The poverty cycle
  1. Continuing education after high school is no longer an option. Teens who do not earn a four-year college degree or, at least, a certification will be stuck in minimum-wage jobs and a life of poverty.
    • Without a high school education:
      • Chances of employment and earning potential are drastically reduced.
      • The cycle of poverty, economic crisis and its social and psychological fallout perpetuates.
      • As a result, trillions of dollars drain from the nation’s economy in services and lost opportunity. When this demographic group has babies and as available jobs increasingly require higher education and training, the burden on the national economy grows exponentially.


Percentage That Do Not Finish High School

By Ethnicity

High School Dropout Chart By Ethnicity

  • African American
  • Hispanic
  • American Indian
  • Caucasian
  • Asian/Pacific Islands

  1. Teens  from these demographic groups:
    • May lack the ability to do well in school and to secure jobs due to language and/or home environment.
    • Are more likely to drop out of school.

The high cost of college
  1. The cost of continuing education is arduous and rising  disproportionately, which ultimately costs the economy trillions of dollars.
Dropout Nation Times cover
  • As continuing education costs rise, high school dropouts rates “School Dropouts” also rise.
    • Teens who drop out do so because most of them believe high school does not apply to them since they cannot afford to continue their education after high school.
    • 3,000,000 American students drop out of high school every year (8,219 every day of the year)!
    • Dropouts from just one year, will drain the national economy more than $3 trillion dollars over their lifetime.
Graduate chained by debt
  • Many college students from low-income households cannot afford to complete their education.
  • Those that manage to graduate college are burdened with too much debt.
    • Today, 20-29 year-olds have an average debt of $45,000 (including student loans, cars, credit cards and/or a mortgage).
    • The average college graduate has $29,000 of student loan debt.
    • Student loans are at their highest default rates since 1999 and continue to rise.

Unemployment in United States

Highest Among Young Adults

Unemployment in US chart

  • All Ages
  • 18-29-Year-Olds
  • Recent College Graduates*

* Includes Underemployment and Unemployment

  1. College graduates face high unemployment.(In graph: 18-29-year-olds) 
    • 50% of recent college graduates are unemployed or underemployed.

Parents and teen on couch
  1. It is taking longer to become financially independent.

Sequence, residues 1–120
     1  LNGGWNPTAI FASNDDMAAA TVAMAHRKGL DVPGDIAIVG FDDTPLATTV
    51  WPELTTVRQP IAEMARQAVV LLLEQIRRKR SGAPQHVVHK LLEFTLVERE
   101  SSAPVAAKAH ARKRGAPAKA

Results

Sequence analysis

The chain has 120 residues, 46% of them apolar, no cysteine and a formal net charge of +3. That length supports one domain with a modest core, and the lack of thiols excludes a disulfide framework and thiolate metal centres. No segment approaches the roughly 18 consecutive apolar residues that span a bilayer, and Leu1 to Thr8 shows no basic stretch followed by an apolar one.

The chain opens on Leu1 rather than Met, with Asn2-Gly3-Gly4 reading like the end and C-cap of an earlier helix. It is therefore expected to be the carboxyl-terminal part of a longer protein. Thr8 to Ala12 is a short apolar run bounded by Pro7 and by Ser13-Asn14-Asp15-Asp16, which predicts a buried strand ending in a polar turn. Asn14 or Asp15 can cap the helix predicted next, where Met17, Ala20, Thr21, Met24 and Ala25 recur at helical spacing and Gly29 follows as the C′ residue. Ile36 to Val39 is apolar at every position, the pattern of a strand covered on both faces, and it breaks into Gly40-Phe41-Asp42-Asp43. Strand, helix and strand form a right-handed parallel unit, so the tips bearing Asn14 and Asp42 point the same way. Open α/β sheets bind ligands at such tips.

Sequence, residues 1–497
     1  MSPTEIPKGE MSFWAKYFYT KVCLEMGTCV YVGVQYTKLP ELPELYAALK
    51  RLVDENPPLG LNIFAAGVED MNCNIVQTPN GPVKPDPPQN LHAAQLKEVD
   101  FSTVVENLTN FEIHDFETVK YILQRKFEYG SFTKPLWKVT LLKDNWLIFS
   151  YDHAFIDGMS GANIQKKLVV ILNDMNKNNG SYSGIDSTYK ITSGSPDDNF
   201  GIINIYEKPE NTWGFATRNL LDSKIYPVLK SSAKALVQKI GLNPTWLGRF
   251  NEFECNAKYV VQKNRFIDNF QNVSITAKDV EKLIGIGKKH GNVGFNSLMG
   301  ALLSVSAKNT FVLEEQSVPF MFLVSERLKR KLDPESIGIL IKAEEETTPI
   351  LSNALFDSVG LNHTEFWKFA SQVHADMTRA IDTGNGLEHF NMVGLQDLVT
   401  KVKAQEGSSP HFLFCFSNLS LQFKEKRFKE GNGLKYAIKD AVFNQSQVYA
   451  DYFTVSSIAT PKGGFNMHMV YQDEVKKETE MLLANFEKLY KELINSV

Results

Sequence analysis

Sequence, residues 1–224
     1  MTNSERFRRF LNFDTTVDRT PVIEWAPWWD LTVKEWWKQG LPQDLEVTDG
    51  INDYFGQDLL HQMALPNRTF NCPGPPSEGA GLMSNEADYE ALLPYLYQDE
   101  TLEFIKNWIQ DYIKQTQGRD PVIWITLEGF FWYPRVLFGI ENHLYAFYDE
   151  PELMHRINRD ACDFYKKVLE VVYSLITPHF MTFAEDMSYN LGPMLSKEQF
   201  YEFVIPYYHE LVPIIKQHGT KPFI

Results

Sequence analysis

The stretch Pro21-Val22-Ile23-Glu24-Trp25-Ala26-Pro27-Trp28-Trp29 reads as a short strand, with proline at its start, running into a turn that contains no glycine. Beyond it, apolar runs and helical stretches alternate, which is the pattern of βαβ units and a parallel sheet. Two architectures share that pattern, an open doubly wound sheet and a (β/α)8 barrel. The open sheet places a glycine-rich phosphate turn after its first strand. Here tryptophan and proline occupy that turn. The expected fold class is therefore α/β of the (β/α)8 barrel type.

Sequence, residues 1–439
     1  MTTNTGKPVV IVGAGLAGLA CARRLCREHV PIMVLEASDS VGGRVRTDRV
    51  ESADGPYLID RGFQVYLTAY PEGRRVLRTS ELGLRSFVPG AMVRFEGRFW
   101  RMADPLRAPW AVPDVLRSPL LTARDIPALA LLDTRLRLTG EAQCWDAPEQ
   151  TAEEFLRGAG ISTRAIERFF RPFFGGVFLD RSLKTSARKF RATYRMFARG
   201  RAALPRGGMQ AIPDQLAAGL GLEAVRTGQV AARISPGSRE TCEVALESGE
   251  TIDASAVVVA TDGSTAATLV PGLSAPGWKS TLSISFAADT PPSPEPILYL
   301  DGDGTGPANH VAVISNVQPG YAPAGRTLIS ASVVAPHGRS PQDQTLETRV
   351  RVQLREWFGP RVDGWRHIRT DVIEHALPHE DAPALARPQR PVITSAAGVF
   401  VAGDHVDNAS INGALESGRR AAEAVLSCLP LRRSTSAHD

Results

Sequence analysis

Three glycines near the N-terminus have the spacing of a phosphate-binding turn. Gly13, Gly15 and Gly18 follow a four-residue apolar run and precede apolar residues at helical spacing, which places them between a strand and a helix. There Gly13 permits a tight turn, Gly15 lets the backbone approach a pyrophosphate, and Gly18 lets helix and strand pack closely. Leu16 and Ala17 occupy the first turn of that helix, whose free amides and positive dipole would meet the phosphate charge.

• Despite the general consensus that there are legitimate contributing factors to the delay, young adults perceive their prolonged financial dependence as a failure, which can affect their psychological health, their ability to get a job and their financial independence.

Teen sad about never retiring
  1. To make matters worse, this generation of teens must save more than ever for retirement. Several developments are contributing to the rising cost of retirement.
    • Work-based pensions are obsolete.
    • Health care costs are rising disproportionately.
    • Longer life expectancy.
    • Parents may outlive their retirement savings so the cost of parents’ care becomes their responsibility.

F grade
  1. Teens lack personal finance knowledge.
    • 59.6% was the average score on a 2014 National Financial Literacy test taken by 2,500 students from 40 states.
    • Average scores on standardized financial literacy tests have not improved in 20 years.

Required Personal Finance Course in American High Schools

Demand vs. Supply

Demand vs. Supply of Financial Courses

  • Americans that want a personal finance course to be required in high school
  • States that require a personal finance course in high school
  1. Most American teens are not getting adequate personal finance education.
    • *-Surveys have found that 95% of Americans (including teens, high school teachers and partents of teens) want a course in personal finance to be required in high school. Only one-third of the states require a course (a recent improvement), and only six states require testing of students’ knowledge in personal finance.
    • 3.4 million graduated high school in 2014 without any personal finance education or without measuring if the personal finance education they did receive was effective or not.
    • 66% of the 3.4 million 2014 high school graduates in the U.S. graduated without a personal finance course.
    • The primary barrier is school budget limitations. Due to limited budgets, schools cannot afford to train or hire qualified teachers to teach personal finance.